a christian does ramadan

So a friend and I decided to do Ramadan this year.

Ramadan is the Islamic month of fasting (the ninth month in the Islamic calendar) whereby Muslims cease eating, drinking and sexing it up between dawn and sunset. It is both an act of devotion and good exercise in patience and humility.

Our aim in doing Ramadan was primarily that we would be able to use it as a means of having contact with local Muslims that we might become friends and also that we might engage in some form of inter-religious dialogue. Such dialogue is, in my view, extremely important, given the perception of Islam in much of the Western world over the past decade, and particularly its perception in my neck of the woods (Cronulla… remember the riots, anyone?).

But having crossed the halfway mark late last week, I realised that Ramadan is teaching me more than I bargained for. Maybe it’s best if I just list some of the things I am learning and experiencing:

1. Fasting is great for my prayer life. I already knew this, but Ramadan has brought the point to the fore.

2. Fasting has led me into a small sense of solidarity with the poor. Someone recently questioned such an assertion, saying that it was faulty because whereas I had chosen to go without the basics, the poor did not have that choice. This is of course true, though I think it misses the point – whether I have chosen hunger or been forced into it is irrelevant, I have a greater sense than I did before about what it is like to lack basics as I go about life. For example, trying to get work done in the afternoon after you haven’t eaten for the entire day is challenging; fatigue sets in, and food is constantly on the mind as you feel hunger and dehydration affecting you.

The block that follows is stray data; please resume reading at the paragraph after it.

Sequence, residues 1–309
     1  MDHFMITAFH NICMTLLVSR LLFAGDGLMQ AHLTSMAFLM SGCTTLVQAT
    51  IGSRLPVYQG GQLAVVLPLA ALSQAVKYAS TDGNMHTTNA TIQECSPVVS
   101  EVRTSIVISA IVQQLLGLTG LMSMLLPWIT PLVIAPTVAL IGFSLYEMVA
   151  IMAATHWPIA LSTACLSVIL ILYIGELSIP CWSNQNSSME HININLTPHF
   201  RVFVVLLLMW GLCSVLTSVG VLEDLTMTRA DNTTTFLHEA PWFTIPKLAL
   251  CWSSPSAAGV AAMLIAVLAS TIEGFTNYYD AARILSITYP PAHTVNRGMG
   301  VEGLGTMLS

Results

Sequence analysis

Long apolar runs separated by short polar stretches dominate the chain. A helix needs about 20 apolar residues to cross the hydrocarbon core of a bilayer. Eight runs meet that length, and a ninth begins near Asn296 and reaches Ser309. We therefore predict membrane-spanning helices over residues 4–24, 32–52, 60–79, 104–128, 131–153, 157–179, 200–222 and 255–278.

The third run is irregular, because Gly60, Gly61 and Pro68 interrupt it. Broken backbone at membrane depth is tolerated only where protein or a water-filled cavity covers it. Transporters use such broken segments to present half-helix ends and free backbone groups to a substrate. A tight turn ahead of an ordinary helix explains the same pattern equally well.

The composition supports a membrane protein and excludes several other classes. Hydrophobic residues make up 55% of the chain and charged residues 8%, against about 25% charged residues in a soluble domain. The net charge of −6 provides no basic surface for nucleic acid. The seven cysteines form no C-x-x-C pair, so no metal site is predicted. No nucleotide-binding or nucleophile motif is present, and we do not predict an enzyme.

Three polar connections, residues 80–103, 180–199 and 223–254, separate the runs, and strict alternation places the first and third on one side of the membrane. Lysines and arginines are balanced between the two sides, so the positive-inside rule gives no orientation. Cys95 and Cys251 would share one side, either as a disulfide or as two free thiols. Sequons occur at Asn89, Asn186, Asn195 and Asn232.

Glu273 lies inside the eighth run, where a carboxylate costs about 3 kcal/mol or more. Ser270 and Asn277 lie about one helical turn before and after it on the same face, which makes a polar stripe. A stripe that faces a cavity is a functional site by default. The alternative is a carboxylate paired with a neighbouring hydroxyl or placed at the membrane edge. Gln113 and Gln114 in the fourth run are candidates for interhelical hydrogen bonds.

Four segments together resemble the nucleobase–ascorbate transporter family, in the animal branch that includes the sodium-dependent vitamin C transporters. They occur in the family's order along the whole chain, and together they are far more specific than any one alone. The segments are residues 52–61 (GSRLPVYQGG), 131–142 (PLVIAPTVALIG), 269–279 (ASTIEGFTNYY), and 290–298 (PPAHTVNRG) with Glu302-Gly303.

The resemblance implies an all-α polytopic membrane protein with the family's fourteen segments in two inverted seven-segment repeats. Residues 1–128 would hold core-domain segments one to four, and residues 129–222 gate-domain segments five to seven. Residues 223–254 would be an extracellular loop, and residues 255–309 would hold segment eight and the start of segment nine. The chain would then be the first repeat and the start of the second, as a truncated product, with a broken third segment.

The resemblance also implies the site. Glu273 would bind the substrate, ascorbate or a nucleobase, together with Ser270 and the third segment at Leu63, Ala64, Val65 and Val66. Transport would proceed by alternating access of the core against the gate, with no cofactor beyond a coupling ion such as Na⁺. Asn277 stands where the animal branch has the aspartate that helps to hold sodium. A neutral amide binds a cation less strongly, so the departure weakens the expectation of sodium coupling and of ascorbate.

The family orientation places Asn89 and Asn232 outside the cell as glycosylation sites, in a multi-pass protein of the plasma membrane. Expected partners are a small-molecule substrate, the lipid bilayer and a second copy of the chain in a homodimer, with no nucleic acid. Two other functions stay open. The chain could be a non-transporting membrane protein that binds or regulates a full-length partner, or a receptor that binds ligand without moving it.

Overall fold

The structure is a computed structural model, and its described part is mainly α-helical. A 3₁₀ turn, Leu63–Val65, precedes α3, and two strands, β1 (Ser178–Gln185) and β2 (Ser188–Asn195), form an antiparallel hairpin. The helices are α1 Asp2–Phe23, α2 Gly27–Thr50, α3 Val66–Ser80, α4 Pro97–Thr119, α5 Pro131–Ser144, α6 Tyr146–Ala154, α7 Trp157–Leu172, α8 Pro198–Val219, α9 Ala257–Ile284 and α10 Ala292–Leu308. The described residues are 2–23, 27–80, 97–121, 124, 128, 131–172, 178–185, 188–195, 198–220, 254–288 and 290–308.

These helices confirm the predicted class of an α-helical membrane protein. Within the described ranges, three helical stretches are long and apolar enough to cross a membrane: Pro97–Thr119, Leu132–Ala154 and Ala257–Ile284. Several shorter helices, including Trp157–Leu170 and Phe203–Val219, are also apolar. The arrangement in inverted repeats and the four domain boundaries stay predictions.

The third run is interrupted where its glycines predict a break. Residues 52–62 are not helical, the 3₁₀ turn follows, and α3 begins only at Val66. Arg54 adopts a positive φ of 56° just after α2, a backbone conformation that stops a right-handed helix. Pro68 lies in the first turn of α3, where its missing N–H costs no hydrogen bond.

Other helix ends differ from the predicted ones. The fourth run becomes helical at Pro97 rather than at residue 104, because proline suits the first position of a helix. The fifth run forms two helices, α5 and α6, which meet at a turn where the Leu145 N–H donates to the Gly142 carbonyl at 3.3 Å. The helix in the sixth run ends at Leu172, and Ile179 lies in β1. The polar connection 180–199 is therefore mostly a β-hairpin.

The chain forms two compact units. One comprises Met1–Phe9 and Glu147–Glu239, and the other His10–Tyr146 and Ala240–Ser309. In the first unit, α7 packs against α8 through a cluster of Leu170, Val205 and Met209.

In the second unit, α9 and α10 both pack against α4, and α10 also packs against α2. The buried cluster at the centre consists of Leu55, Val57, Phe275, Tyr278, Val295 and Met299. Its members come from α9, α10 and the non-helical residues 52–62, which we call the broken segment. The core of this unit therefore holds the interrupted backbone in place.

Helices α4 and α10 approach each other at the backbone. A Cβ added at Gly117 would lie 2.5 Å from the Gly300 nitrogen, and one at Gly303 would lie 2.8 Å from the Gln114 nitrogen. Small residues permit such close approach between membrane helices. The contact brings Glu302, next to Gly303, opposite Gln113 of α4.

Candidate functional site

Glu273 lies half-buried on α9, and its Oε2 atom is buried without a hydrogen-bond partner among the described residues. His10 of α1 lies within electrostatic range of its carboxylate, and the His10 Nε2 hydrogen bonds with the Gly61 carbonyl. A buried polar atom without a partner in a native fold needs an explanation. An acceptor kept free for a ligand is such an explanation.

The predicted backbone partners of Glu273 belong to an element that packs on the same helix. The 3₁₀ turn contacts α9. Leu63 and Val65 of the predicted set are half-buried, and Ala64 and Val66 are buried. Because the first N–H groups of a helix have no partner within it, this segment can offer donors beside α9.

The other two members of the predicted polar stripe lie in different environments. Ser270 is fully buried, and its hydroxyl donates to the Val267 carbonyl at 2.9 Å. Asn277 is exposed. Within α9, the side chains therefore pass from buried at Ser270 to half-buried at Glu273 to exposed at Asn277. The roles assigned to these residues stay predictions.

3. Religious celebrations are powerful communal experiences. I think many contemporary streams of Christianity have done away with festivals and feasts (does anyone remember what Lent is?). But there is something powerful about fasting or feasting together, as my friend and I have probably both found, even in regards to one another.

4. You can learn important lessons from the celebration of another religious tradition. Once again this is something I already believed, but nonetheless many religious people believe their religion has an absolute monopoly on the truth. While I am a Christian, and believe that it is the religion that presents the most truth, that does not mean that I must necessarily believe other religious traditions hold no truth at all. The fact that I can learn from the Islamic tradition means that God is acting through it in ways that I can’t understand to push me and grow me. God is certainly bigger than we know…

There are probably other lessons I’ve learnt, but it’s almost sunset…

God Bless,

MCA

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Posted on September 1, 2010, in Culture & Art, Current Events, Theology and tagged , , , , , , . Bookmark the permalink. 1 Comment.

  1. Hi Matt.
    Interesting post. I’m wondering about your method of meeting Muslims and interacting with them and how that is going?

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